The energetic Auld has overseen an impressive increase in sales at the takeaway pizza chain, which experienced a 23% sales hike in 2007. The sales and marketing director is certainly dedicated to his job - every single franchisee has his mobile phone number. Since joining the pizza brand in 2004, Auld is credited with having had a 'massive impact' on the company's marketing campaigns, and has been rewarded with a place on the board. He was behind the company's move online, and in November last year Domino's took £1m of online orders in a single week. The group has also boosted its profile with the sponsorship of ITV1's Britain's Got Talent.
88. Pippa Dunn, Orange
As director of pay-as-you-go at Orange, Dunn, a relatively obscure figure within the telecoms sector, is responsible for two-thirds of the mobile operator's customer base. Dunn has spent five years rising through the ranks at the firm, and previously held the role of brand marketing director. Until recently, the former NTL and Coca-Cola marketer was overseeing both roles, but the latter has since been filled by Justin Billingsley, who was poached from Nokia in July last year.
89. Simon Eyles, McCain Foods
The McCain Foods marketing director has been on a mission this year to prove that, contrary to popular belief, chips are healthy. It is a message that is resonating with consumers; McCain has attained its highest share of the frozen chips market this year, and more than two-thirds of households buy its products. Eyles, who refers to himself as 'spud man', undertook a £7m rebrand of McCain's Home Fries range this year under the tagline 'Chips as chips should be'. He has pledged not to cut marketing spend in 2008 despite rising potato prices.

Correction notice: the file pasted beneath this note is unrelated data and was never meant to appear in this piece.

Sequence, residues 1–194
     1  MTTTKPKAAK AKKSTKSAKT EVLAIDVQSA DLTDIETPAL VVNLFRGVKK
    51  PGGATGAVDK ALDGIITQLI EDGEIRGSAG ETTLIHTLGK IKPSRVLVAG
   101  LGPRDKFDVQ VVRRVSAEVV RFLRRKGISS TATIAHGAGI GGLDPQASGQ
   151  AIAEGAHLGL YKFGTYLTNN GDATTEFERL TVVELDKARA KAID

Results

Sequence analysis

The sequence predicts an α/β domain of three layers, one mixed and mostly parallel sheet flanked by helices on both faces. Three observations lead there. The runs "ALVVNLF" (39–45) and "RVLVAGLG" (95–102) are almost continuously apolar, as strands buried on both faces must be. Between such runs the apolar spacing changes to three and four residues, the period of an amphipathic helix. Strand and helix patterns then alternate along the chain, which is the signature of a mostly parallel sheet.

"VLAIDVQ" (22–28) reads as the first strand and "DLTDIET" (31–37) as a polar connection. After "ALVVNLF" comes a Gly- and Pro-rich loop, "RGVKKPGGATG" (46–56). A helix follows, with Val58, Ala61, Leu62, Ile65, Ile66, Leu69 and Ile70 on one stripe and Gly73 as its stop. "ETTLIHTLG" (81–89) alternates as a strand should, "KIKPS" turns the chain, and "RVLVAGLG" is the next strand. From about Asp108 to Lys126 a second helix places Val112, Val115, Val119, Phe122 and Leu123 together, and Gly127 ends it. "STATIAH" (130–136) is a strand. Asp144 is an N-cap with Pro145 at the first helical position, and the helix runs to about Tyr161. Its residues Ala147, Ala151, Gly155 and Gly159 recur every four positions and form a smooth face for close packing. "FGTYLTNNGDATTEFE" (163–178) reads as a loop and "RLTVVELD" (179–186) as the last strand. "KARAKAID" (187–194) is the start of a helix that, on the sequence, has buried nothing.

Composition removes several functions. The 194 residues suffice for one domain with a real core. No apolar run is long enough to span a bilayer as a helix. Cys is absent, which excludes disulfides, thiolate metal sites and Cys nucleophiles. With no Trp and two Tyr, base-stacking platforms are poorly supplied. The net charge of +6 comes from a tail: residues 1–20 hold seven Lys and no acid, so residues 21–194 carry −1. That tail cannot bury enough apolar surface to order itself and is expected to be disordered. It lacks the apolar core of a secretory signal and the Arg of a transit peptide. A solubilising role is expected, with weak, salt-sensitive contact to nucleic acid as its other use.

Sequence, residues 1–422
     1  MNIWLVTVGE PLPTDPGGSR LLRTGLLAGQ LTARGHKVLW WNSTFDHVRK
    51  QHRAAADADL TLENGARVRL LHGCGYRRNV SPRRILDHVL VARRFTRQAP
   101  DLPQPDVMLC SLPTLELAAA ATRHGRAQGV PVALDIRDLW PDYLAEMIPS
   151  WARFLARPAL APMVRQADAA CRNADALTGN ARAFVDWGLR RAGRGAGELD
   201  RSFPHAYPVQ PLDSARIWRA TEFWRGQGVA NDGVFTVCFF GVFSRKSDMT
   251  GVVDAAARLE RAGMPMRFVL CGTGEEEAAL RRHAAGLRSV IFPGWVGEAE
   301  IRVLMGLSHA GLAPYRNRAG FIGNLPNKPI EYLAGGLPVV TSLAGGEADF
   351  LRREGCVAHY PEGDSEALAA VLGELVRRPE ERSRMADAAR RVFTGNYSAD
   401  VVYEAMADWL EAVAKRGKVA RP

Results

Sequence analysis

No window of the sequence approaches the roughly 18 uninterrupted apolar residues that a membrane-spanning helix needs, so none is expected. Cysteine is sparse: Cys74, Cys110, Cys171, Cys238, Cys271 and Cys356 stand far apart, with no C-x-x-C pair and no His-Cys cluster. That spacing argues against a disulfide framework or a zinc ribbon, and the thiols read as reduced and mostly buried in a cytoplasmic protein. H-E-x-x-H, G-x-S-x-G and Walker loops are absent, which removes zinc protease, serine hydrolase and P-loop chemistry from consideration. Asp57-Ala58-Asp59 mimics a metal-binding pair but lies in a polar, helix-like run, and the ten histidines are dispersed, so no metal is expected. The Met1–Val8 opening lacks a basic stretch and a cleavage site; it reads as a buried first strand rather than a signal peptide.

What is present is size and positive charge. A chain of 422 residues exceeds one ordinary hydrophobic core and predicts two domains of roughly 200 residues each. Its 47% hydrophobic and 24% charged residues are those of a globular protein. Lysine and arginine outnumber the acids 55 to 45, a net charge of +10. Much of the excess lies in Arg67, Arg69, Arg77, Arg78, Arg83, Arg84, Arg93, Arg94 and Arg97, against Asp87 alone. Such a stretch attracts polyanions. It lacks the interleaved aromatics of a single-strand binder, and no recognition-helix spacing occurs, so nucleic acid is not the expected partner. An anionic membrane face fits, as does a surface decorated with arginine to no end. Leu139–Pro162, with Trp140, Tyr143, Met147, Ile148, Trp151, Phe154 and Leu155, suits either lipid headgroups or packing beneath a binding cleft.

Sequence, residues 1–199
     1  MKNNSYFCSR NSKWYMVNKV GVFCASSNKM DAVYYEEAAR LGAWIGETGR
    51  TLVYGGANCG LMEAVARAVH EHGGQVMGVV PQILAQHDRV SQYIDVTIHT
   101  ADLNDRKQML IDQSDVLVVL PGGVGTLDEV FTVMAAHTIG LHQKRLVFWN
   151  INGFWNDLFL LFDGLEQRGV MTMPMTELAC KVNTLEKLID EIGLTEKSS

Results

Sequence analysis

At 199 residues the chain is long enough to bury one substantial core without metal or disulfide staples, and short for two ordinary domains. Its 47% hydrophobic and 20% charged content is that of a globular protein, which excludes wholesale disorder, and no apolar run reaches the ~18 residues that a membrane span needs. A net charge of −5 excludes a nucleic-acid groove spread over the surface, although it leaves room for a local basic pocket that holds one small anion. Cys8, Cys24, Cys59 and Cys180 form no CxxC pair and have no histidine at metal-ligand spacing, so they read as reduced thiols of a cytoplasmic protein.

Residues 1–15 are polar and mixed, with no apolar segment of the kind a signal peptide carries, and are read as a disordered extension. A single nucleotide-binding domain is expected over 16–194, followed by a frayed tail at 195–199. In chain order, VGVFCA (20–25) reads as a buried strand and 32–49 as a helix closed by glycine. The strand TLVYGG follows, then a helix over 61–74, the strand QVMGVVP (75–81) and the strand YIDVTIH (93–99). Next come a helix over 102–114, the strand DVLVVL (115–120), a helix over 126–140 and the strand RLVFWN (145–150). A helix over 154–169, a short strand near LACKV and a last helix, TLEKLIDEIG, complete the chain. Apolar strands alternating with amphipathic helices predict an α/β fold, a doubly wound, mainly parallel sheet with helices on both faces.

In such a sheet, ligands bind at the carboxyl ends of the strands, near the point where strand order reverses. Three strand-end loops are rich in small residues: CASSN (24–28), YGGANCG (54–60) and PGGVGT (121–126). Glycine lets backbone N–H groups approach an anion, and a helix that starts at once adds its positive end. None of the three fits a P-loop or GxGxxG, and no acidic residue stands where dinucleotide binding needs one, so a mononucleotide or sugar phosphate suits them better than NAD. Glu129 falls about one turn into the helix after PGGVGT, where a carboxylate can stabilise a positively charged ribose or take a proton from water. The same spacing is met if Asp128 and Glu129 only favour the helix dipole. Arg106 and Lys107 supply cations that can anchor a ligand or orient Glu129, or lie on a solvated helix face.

90. Simon Thompson, Lastminute.com C
Thompson remains a name in the industry despite swapping Motorola for Lastminute.com, where he has a smaller marketing budget to play with. The former Honda marketing head joined the UK's most famous internet business last March with a sterling pedigree: during his short stint as Motorola's regional marketing director for Europe, he overhauled its marketing strategy. Thompson, who has a reputation for quick decision-making and is well-known for being challenging to work with, has yet to make his mark as chief marketing officer at Lastminute.com, but considering his glittering career history we can no doubt expect big things this year.
91. Dave Jeppeson, Barclays NEW
While Barclays' retail marketing director does not have the profile of his predecessor, Jim Hytner, he is well-respected within the industry, and therefore worthy of inclusion here. Jeppeson took on the role in December 2007 after Barclays split it in two, with Richard French taking over responsibility for business marketing, in the role of commercial marketing director.
92. Andria Vidler, Bauer Consumer Media NEW
Vidler's year so far has been a good one. Recently appointed as chief marketing officer at Bauer Consumer Media, moving from her position of managing director at Bauer-owned Magic 105.4, she has taken charge of marketing across all of the company's magazine, radio, online, mobile and TV brands. Vidler joined Emap, which last year sold its magazine and radio divisions to Bauer, in 2005 and later earned a reputation for leading a hard-working team that reinvigorated Magic. The brand broke through the 2m listener barrier for the first time last year, and became London's number-one commercial radio station.
93. Michael Bedingfield, VisitBritain NEW
Travel industry veteran Bedingfield has had a rough ride since he was promoted to marketing director of tourism agency VisitBritain last year, following its consolidation with domestic arm EnjoyEngland, where he held the same role. First there was a series of redundancies, and then the government announced it was cutting the agency's funding by 18% over the next three years. Despite this, Bedingfield has been busy developing a marketing strategy to maximise UK tourism opportunities and create a legacy from the 2012 Olympic Games in London.